Tag Archives: solar power

Blowout Week 139

Elsewhere in this week’s Blowout: Iran / OPEC deal on the cards; China accused of nuclear espionage; UK government looks for ways to torpedo Hinkley Point; Fessenheim nuclear power plant in France to close; coking coal price on the rise; £200 million pumped storage hydro scheme on Lewis; National grid clutching at straw batteries; Telegraph living in the real world; Tesla cramming in more electrons; Human caused climate change started in 1830; Air Africa to run on Woodbines; France opts for tree wind power over nuclear power. Continue reading

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EU and BP Renewable Electricity Accounting Methodologies

Every EU country has a renewable energy target to be met by 2020 where the target is set as a percentage of total energy consumption. Since most countries are using combinations of hydro, solar and wind electricity (primary electricity) to achieve their targets, one needs a way of comparing primary electricity with energy from coal, oil and gas etc. The standard way adopted by the EU and by BP is to convert all forms of energy to tonnes of oil equivalent (toe). If coal, oil or gas is used to make electricity then there are large thermal losses doing so. BP correctly account for this by grossing up renewable electricity by a factor of 100/38 to account for “thermal gain” when converting from primary electricity to a fossil fuel equivalent. The EU do not appear to do this, thus all of EU renewable electricity statistics appear to be wrong. This is no trivial matter given the many billions being spent by countries trying to achieve their targets. Continue reading

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Red Eléctrica de España

Spanish electricity data with hourly resolution is presented for the months of September and October. Wind in Spain is balanced mainly by varying coal output with a little help from gas and a tiny amount of help from hydro. Imports and exports are not used at all in the gross balancing exercise. Hydro is used to balance solar and to follow diurnal demand. The Green fantasy of using grid interconnectivity and hydro to balance variable wind is not being put into practice in Spain. Continue reading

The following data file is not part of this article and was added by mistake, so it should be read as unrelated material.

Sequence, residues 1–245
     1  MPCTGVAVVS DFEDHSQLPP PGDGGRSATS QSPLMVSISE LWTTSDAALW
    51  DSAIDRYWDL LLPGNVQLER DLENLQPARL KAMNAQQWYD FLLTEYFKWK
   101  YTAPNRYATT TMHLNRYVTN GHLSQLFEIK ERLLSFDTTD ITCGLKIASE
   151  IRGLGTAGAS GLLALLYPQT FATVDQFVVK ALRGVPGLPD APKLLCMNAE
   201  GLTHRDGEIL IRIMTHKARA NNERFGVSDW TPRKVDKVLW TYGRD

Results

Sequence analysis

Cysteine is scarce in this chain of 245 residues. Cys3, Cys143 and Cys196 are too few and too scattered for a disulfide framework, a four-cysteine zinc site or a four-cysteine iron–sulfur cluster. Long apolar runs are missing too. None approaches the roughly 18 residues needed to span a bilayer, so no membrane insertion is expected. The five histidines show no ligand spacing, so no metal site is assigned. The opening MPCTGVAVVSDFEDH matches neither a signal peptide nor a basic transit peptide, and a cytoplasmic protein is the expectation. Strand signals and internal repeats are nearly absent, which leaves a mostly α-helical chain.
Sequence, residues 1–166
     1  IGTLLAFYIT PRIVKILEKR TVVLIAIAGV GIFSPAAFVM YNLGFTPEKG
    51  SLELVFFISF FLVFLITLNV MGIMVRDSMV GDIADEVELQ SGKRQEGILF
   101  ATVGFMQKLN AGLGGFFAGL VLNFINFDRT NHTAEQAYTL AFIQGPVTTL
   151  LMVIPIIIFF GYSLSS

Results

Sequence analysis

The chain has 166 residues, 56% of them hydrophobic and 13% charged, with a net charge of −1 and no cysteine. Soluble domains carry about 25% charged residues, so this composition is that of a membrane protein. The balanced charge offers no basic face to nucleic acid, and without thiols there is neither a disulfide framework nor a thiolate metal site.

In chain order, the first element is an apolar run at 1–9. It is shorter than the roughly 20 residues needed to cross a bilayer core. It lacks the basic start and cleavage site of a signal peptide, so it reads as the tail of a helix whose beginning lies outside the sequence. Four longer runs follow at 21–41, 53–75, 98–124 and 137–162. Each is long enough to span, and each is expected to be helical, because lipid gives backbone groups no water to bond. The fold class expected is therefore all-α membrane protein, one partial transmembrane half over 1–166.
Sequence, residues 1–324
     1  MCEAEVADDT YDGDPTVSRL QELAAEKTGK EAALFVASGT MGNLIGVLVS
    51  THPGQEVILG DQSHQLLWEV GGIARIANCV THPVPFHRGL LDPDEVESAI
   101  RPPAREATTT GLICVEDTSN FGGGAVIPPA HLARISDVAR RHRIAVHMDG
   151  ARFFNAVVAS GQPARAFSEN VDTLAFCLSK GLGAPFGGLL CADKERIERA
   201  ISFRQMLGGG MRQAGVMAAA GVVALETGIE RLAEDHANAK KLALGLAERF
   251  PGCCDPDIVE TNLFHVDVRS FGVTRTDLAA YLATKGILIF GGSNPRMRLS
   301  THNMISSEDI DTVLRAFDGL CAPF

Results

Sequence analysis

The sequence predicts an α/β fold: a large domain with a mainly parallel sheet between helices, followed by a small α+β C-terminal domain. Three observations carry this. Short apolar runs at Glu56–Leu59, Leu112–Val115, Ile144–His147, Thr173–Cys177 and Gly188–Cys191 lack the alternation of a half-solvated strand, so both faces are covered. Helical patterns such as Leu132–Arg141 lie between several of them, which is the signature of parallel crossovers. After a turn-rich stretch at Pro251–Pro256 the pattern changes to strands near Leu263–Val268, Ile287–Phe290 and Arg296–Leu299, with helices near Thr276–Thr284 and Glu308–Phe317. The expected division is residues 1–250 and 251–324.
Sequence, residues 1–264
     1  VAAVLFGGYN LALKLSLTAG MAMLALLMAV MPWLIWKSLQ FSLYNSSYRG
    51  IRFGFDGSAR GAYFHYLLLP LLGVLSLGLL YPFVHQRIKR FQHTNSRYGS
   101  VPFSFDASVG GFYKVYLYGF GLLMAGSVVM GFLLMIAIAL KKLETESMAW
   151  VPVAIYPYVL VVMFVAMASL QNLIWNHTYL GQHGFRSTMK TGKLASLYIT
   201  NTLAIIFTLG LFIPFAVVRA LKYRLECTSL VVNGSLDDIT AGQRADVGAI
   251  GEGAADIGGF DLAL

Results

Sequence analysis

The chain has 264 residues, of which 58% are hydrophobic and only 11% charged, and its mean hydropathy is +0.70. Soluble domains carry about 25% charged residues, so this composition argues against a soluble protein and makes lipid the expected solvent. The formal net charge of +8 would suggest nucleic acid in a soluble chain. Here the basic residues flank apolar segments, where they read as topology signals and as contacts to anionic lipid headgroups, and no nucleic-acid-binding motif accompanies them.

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Blowout Week 71

This week we give OPEC a rest and focus – inevitably – on the UK election and its potential impacts on UK energy policy:

More post-election predictions and perspectives below the fold, plus German coal causing air pollution in France, US coal is either dead or it isn’t, rationing UK internet use to keep the lights on, Scotland’s green energy vision, a record trade deficit in Canada, Australia squabbles over renewables targets, Iran determined to sell more oil, jet fuel from fungus, CO2 exceeds 400ppm, how Americans can fight global warming by eating insects and the US Army promises not to invade Texas.
Continue reading

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The High Cost of Renewables

In this post I present “back of envelope” style calculations on the capital costs of renewables globally since 1998 and deduce that roughly $1.3 trillion has been spent installing wind turbines and solar panels. Is this a lot of money? Is it a wise investment? What else may we have we got for our money?

One perspective is that the same money would buy 50 Hinkley Point style pressurised water reactors. Continue reading

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Energy and Mankind part 2

In 1911, Winston Churchill famously made the decision to convert the Royal Navy from coal to oil fired steam. He did this because oil offered many advantages over coal. It was more energy dense giving oil fired ships greater range and speed. And it could also be pumped through pipes, dispensing with the need for hundreds of stokers. Continue reading

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Blowout week 24

“The usual western media branding of “terrorism” or “sectarian violence” no longer applies to the actions of ISIL in Iraq. A force capable of withstanding and win an urban battle in a city of over 1 million inhabitants is not a terrorist group, not even a guerilla, it is an army, fighting a conventional war.” Luis de Sousa Continue reading

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Germany’s ‘Energiewende’ as a model for Australian climate policy?

Guest Post by Graham Palmer. Graham recently published the book “Energy in Australia: Peak Oil, Solar Power, and Asia’s Economic Growth” (“Springer Briefs in Energy” series). Cross posted from Bravenewclimate GERMANY’S ENERGIEWENDE AS A MODEL FOR AUSTRALIAN CLIMATE POLICY? A CRITICAL REVIEW. Graham Palmer, June … Continue reading

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